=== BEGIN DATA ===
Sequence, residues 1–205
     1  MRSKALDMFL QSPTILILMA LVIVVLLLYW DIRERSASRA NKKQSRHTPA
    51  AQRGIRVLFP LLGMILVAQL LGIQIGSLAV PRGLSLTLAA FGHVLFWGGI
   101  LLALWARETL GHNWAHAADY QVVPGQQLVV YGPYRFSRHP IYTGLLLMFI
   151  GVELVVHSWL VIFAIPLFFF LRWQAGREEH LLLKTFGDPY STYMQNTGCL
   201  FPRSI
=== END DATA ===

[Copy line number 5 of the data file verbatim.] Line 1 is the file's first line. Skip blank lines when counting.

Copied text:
   151  GVELVVHSWL VIFAIPLFFF LRWQAGREEH LLLKTFGDPY STYMQNTGCL